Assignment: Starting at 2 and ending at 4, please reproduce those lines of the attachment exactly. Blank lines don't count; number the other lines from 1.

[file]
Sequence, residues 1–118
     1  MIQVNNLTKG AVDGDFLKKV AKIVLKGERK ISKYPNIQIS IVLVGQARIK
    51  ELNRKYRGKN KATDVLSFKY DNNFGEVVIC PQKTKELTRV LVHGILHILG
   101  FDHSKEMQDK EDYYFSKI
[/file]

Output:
     1  MIQVNNLTKG AVDGDFLKKV AKIVLKGERK ISKYPNIQIS IVLVGQARIK
    51  ELNRKYRGKN KATDVLSFKY DNNFGEVVIC PQKTKELTRV LVHGILHILG
   101  FDHSKEMQDK EDYYFSKI